The French are known to produce some of the smelliest, most intense cheeses in the world. From the mildly offensive Roquefort to the bus-banned Epoisses, French cheeses are among the stinkiest and oft-times most tasty. Unfortunately, the latest attempt at funk has proved fatal.
Three people have died and five more were injured at the unveiling ceremony for Normandy’s newest stinky cheese, Chausettes de Fesses (translation: socks of buttocks).
“It was not the reaction I was expecting,” explained local dairy farmer Marcel Vachequirit. “The cheese is beautiful, perhaps my finest ever cheese, and yes – I admit – it does have quite a tang, but the mortality rate so far is astonishing.”
You can read more about this cheesy tragedy on The Daily Shame.
photo: The Daily Shame
After a 25 year hiatus, Limburger’s little brother is resurrecting again in Wisconsin. Slightly less funky than Limburger, Liederkranz is said to have a pretty intense odor and is not for the faint of palate.
Liederkranz (pronounced LEE-duhr-krahntz) originated in upstate New York in the late 1800s as a replica of a traditional soft, smelly cheese from Germany that immigrants missed, and could no longer get because it would spoil during shipping. The cheese recipe left New York for Ohio in 1926 before finally finding a new home in Wisconsin, which has an enthusiastic German fan base.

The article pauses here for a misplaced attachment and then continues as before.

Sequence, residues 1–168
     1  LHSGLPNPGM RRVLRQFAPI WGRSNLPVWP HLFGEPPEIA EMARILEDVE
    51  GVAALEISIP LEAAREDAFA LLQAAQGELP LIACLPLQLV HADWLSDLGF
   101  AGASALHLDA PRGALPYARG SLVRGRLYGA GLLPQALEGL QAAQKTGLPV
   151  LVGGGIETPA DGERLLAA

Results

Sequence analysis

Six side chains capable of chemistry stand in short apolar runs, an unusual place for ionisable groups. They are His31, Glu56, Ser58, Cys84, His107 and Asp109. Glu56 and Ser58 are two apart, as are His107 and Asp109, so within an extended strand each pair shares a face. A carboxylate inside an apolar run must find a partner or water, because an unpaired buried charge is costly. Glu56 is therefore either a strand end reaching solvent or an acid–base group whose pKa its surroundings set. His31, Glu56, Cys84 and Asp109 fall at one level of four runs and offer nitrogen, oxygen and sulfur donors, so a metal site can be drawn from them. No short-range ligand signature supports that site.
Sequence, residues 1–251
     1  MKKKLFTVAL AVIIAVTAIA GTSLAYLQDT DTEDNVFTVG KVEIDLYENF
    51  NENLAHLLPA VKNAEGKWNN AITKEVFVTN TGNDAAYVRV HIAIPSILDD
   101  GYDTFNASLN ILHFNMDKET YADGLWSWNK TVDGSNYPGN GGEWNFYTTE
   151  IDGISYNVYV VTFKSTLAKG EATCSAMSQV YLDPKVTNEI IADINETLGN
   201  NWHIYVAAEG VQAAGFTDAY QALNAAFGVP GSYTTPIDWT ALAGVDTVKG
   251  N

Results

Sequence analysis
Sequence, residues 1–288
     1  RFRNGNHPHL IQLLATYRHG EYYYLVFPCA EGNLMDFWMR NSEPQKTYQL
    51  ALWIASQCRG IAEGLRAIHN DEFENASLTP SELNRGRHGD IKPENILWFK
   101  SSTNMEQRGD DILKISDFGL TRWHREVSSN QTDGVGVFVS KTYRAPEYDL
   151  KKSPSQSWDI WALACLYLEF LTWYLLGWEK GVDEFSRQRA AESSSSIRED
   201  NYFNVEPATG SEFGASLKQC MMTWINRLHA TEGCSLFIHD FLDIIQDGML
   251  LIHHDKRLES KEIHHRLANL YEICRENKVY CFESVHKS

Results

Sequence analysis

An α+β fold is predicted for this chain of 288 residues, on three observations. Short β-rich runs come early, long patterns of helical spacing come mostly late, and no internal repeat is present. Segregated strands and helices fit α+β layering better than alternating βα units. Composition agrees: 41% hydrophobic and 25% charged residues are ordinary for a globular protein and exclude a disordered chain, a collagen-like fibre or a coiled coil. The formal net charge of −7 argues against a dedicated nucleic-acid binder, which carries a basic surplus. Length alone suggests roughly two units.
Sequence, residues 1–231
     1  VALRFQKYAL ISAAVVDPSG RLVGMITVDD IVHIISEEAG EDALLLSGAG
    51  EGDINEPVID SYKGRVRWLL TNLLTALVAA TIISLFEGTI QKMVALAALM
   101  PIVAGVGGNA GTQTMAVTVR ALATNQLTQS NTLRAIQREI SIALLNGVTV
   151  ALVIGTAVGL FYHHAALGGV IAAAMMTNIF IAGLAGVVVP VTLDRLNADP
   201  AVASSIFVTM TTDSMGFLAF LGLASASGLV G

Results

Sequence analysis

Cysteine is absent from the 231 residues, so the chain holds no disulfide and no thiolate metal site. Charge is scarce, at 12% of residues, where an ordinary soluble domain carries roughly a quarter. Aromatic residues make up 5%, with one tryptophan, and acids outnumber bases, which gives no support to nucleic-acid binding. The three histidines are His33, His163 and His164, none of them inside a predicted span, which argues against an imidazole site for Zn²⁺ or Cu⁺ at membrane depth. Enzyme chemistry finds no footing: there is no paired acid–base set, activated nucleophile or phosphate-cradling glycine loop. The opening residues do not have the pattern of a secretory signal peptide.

Click the link below for more on the story.
A Pungent return for Liederkrantz
source: Milwaukee Journal Sentinel
As you may have guessed by my past postings, I love stinky cheese. The stronger the aroma the more inclined I am to purchase it. While I may love the funky flavors, my family is not as enamored with the olfactory assaulting goodness which means I have plenty of leftovers to store. The problem is when I have an abundance of cheese in the fridge, the smells start to overpower everything else and even lingers after the door is shut. Even I have a hard time dealing with the stench after a few days. While I know it is best to consume cheese immediately after purchasing, realistically I have to store it somehow. So what’s a stinky cheese lover to do? How do I store my Epoisses, Roaring Forties Blue, and La Tur without buying a separate refrigerator? The American Cheese Society offers up these helpful hints: Continue reading